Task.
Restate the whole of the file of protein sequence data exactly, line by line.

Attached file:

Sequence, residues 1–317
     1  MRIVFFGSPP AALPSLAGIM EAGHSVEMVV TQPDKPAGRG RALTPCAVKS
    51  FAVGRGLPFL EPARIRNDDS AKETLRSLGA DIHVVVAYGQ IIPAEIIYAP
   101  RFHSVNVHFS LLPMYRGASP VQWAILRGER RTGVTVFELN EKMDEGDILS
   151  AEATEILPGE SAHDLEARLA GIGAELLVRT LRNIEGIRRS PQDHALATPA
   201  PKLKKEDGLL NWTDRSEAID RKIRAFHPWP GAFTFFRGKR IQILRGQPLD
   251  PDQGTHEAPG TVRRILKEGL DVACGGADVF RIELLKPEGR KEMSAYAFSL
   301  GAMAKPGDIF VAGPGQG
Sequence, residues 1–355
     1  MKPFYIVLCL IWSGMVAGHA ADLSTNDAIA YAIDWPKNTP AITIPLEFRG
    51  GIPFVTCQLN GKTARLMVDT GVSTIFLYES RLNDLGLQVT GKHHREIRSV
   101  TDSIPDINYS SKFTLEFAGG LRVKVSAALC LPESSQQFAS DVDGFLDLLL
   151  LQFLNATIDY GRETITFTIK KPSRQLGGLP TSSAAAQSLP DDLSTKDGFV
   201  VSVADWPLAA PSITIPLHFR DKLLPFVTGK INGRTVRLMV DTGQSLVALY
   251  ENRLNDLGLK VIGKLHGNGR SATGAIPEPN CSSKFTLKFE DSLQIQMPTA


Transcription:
Sequence, residues 1–317
     1  MRIVFFGSPP AALPSLAGIM EAGHSVEMVV TQPDKPAGRG RALTPCAVKS
    51  FAVGRGLPFL EPARIRNDDS AKETLRSLGA DIHVVVAYGQ IIPAEIIYAP
   101  RFHSVNVHFS LLPMYRGASP VQWAILRGER RTGVTVFELN EKMDEGDILS
   151  AEATEILPGE SAHDLEARLA GIGAELLVRT LRNIEGIRRS PQDHALATPA
   201  PKLKKEDGLL NWTDRSEAID RKIRAFHPWP GAFTFFRGKR IQILRGQPLD
   251  PDQGTHEAPG TVRRILKEGL DVACGGADVF RIELLKPEGR KEMSAYAFSL
   301  GAMAKPGDIF VAGPGQG
Sequence, residues 1–355
     1  MKPFYIVLCL IWSGMVAGHA ADLSTNDAIA YAIDWPKNTP AITIPLEFRG
    51  GIPFVTCQLN GKTARLMVDT GVSTIFLYES RLNDLGLQVT GKHHREIRSV
   101  TDSIPDINYS SKFTLEFAGG LRVKVSAALC LPESSQQFAS DVDGFLDLLL
   151  LQFLNATIDY GRETITFTIK KPSRQLGGLP TSSAAAQSLP DDLSTKDGFV
   201  VSVADWPLAA PSITIPLHFR DKLLPFVTGK INGRTVRLMV DTGQSLVALY
   251  ENRLNDLGLK VIGKLHGNGR SATGAIPEPN CSSKFTLKFE DSLQIQMPTA